Colin: At Gen Con a few years back, Tony DiTerlizzi and I were talking about what we’d do if they offered, and agreed we’d want full creative control and some ownership. I don’t see that happening.

As Monte and Ray said, though, I’m not sure a setting revival is necessary. We had the extreme good fortune to be there with amazing people, developing a setting that has become legendary (can I say ‘legendary’? screw it, I’m gonna say it). Planescape laid the foundation for other projects (directly or not), helped people redefine what’s possible with fantasy, and opened eyes and imaginations beyond what we imagined was possible.

I’d love to return to the planes—working with the Planescape team was such a wonderful, formative, amazing experience. But I’d want to make sure we were making something truly creative on its own merits, rather than an appeal to old glories.
 

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TerraDave

5ever, or until 2024
This stuck out:

"The sales numbers for late 90s D&D products were embarrassingly low."

I bought a lot of D&D in the 90s. But after some research...I realized that, while I was still playing , the last product I probably bought for AD&D was issued in 1996.
 


Orius

Hero
"The utter impermeability of the decision making at TSR was mindboggling"

I don't think that surprises anyone.

It's interesting that Monte feels the third MC was a disappointment, I've been saying for a while that it's one of the more useful releases for the setting.
 

"What most people don’t know is that much of Sigil was Zeb’s metaphorical analog for TSR itself. I mean, it was literally run by the Lady of Pain, whose very gaze could kill you (or your product). So behind the scenes, the setting had a very different meaning for everyone there."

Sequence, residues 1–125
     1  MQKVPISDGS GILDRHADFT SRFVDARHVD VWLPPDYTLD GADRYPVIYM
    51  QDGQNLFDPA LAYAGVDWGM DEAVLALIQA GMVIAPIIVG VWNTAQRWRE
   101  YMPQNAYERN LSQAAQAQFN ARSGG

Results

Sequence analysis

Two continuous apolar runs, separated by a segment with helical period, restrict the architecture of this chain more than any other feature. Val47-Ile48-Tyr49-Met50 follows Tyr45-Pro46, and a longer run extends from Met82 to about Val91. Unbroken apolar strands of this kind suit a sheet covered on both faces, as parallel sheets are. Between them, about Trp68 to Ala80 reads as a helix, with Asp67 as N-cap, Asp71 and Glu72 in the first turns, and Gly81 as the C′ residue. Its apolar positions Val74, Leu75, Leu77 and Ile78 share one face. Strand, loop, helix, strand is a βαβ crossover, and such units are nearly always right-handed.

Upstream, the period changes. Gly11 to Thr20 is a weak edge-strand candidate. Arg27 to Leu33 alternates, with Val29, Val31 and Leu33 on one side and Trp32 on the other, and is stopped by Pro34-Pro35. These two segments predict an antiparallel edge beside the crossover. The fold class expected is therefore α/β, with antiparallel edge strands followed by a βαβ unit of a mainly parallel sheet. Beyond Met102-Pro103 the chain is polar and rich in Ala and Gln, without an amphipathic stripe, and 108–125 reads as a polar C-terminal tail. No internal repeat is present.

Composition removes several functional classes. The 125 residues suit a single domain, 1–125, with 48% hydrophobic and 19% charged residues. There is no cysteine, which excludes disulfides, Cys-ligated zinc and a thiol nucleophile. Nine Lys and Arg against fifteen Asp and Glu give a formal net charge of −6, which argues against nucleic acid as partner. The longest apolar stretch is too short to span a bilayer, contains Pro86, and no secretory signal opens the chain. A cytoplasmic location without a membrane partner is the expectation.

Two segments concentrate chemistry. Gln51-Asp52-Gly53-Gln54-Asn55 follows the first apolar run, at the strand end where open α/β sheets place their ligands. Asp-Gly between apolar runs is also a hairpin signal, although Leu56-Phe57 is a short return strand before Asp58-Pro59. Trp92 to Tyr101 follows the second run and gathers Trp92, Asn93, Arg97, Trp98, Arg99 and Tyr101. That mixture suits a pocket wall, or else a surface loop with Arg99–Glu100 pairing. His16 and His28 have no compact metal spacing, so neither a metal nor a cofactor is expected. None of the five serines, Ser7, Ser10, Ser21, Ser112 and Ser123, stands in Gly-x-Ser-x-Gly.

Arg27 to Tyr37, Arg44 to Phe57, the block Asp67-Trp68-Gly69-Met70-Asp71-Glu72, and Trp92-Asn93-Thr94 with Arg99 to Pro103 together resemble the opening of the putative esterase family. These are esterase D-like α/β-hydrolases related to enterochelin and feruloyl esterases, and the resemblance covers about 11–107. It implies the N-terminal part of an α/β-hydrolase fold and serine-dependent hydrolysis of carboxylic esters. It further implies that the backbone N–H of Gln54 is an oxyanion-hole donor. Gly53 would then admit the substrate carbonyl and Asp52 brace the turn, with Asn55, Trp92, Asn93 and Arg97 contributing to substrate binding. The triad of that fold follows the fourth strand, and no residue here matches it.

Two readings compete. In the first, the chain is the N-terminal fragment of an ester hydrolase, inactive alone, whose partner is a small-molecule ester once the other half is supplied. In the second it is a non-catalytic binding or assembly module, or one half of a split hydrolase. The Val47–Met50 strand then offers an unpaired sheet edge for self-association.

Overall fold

Of all the TSR-era employees to voice their perspectives on TSR's downward spiral and eventual bankruptcy, Zeb has consistently been one of the more silent voices (unsurprising, since he has a new career in video games and drawing ire one way or the other from the TTRPG community does him no benefit and in theory could only hurt him). This is, I think, the most I've ever seen about his opinion regarding how things were going in the post-Gary years.
 

Oooooo I need to buy planescape now, if only to be privy to some sweet sweet TSR drama.

is tenebrous (?) gygax, revised from his “death” and secretly mucking things up? Is the great world tree a tree they all ate lunch under?!
 

South by Southwest

Incorrigible Daydreamer
"What most people don’t know is that much of Sigil was Zeb’s metaphorical analog for TSR itself. I mean, it was literally run by the Lady of Pain, whose very gaze could kill you (or your product). So behind the scenes, the setting had a very different meaning for everyone there."

Of all the TSR-era employees to voice their perspectives on TSR's downward spiral and eventual bankruptcy, Zeb has consistently been one of the more silent voices (unsurprising, since he has a new career in video games and drawing ire one way or the other from the TTRPG community does him no benefit and in theory could only hurt him). This is, I think, the most I've ever seen about his opinion regarding how things were going in the post-Gary years.
That.....makes so much sense of Sigil.